UCLA School of Public Health, Los Angeles, California (firstname.lastname@example.org)
To the Editor: In the study by Ms Kucirka and colleagues1 on an effect modification by age for mortality in black compared with white dialysis patients, the overall relative risk (RR) of mortality for black vs white patients was reported as 0.90, with an adjusted hazard ratio of 0.84 after adjusting for demographics (including age) and comorbidities and censoring for transplantation. In contrast, the unadjusted RRs for the age subgroups were all higher, ranging from 0.95 for the 71- to 80-year-old group to 1.94 in the 18- to 30-year-old group (Figure 1 in the article). Could the authors please explain why the RR in the overall group was lower than in any of its component age subgroups, since ordinary adjustments are roughly equivalent to averaging over strata of the adjustment factors?2 Without an explanation for this apparent conflict, it is unclear if the results of the age subgroup analyses can explain the lower mortality rate seen in black dialysis patients.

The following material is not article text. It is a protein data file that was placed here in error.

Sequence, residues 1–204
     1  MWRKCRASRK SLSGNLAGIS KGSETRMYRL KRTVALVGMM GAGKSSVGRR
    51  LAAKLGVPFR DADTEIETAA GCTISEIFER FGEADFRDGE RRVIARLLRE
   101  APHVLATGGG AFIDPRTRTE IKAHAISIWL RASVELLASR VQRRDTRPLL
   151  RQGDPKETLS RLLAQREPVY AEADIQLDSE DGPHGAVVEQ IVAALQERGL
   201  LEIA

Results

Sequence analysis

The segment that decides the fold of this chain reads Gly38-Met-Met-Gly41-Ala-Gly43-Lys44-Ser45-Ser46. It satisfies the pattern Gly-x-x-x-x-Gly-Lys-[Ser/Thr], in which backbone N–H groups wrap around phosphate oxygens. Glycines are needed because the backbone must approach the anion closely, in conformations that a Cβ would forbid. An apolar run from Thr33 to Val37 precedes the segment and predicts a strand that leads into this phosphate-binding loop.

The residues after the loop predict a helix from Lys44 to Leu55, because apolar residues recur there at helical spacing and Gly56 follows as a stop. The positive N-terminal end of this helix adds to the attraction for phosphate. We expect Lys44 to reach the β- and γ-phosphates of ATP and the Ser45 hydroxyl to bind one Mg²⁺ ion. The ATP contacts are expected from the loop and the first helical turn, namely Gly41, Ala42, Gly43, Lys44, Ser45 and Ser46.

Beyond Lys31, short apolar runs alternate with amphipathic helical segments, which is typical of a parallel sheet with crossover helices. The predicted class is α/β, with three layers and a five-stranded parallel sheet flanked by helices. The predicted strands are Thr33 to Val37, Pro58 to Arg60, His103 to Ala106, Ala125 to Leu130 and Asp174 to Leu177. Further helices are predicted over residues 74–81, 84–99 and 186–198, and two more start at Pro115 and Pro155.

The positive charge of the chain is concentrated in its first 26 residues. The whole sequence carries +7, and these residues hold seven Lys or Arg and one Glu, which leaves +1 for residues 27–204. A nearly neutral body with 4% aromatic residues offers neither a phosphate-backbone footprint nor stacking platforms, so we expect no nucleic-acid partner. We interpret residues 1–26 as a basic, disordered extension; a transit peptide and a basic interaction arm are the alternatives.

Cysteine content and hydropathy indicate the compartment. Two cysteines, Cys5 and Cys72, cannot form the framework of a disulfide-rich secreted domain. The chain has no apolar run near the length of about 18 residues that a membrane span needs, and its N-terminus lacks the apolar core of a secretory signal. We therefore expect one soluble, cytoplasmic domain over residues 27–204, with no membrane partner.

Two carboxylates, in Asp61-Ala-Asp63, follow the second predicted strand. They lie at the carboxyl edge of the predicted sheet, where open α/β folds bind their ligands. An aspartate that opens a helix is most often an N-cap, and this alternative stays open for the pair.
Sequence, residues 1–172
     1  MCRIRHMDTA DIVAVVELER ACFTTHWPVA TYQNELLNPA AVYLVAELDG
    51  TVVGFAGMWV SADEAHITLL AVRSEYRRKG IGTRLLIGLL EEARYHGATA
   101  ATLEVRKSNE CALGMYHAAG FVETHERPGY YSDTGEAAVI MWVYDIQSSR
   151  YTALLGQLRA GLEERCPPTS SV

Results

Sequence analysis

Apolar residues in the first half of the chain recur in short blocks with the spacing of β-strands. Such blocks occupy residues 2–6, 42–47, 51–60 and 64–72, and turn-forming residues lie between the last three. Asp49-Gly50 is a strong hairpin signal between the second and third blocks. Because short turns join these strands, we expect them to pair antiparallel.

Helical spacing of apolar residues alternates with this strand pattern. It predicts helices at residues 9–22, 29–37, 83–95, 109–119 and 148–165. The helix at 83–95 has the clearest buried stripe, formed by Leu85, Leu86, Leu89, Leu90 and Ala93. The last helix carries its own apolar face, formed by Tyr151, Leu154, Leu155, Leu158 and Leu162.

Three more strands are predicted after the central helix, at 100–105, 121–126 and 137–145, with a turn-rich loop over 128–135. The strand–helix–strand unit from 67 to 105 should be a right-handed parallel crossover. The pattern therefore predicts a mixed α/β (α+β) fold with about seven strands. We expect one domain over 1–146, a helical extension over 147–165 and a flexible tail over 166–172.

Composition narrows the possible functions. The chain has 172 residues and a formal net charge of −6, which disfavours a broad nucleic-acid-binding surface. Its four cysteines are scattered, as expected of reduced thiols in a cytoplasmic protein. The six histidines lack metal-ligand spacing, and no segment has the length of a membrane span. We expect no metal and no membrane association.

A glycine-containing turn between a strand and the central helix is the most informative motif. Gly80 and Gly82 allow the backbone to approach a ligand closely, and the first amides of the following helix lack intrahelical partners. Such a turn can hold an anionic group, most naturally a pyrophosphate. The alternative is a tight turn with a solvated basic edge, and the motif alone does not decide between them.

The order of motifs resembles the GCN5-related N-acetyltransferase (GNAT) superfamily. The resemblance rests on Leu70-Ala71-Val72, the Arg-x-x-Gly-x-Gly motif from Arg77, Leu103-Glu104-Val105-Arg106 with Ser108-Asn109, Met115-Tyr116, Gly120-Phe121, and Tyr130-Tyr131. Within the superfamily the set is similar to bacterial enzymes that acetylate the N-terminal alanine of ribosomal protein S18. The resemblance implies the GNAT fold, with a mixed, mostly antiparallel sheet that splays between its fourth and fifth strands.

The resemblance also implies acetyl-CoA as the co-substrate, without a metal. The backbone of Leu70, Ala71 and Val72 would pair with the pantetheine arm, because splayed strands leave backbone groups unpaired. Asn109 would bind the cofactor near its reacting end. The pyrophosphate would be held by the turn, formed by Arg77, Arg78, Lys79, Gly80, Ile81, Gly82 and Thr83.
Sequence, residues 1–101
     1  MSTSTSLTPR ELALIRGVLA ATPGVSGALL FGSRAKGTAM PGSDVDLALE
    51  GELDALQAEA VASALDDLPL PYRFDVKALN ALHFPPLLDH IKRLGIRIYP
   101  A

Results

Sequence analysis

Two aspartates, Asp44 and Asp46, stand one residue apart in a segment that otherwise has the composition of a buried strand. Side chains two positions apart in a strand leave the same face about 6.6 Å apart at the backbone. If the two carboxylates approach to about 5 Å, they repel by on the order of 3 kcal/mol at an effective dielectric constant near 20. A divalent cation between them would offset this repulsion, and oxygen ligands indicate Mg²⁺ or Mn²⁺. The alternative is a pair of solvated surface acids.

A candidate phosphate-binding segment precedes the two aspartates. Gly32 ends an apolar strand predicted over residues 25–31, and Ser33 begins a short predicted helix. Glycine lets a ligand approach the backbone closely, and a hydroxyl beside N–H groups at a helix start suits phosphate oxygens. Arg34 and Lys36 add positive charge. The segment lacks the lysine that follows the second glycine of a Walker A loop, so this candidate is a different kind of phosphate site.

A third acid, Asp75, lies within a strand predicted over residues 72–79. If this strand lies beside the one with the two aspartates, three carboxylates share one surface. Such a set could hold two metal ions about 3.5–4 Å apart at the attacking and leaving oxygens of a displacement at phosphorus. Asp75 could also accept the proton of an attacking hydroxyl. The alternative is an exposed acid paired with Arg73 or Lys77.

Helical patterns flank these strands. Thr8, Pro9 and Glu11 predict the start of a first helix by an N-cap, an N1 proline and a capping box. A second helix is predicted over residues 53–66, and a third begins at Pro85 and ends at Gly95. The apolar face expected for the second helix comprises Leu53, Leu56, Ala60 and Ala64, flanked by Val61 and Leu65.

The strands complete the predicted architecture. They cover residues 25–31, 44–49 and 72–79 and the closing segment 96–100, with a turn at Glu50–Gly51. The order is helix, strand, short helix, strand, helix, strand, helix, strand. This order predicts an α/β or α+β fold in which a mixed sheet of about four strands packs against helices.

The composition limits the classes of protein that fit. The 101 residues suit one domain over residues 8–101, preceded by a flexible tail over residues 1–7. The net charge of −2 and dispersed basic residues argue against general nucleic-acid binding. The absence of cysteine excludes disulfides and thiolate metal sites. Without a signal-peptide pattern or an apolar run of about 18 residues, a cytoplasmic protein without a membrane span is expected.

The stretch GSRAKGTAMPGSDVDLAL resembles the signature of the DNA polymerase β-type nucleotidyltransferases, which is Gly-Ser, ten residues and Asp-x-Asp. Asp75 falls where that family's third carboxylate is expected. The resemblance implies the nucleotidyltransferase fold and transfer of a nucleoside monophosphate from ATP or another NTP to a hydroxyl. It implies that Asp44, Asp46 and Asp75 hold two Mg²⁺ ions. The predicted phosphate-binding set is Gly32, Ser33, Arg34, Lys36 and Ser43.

Ricks J, Streja L, Greenland S. Race, Age, and Mortality Among Patients Undergoing Dialysis. JAMA. 2011;306(20):2215-2216. doi:10.1001/jama.2011.1715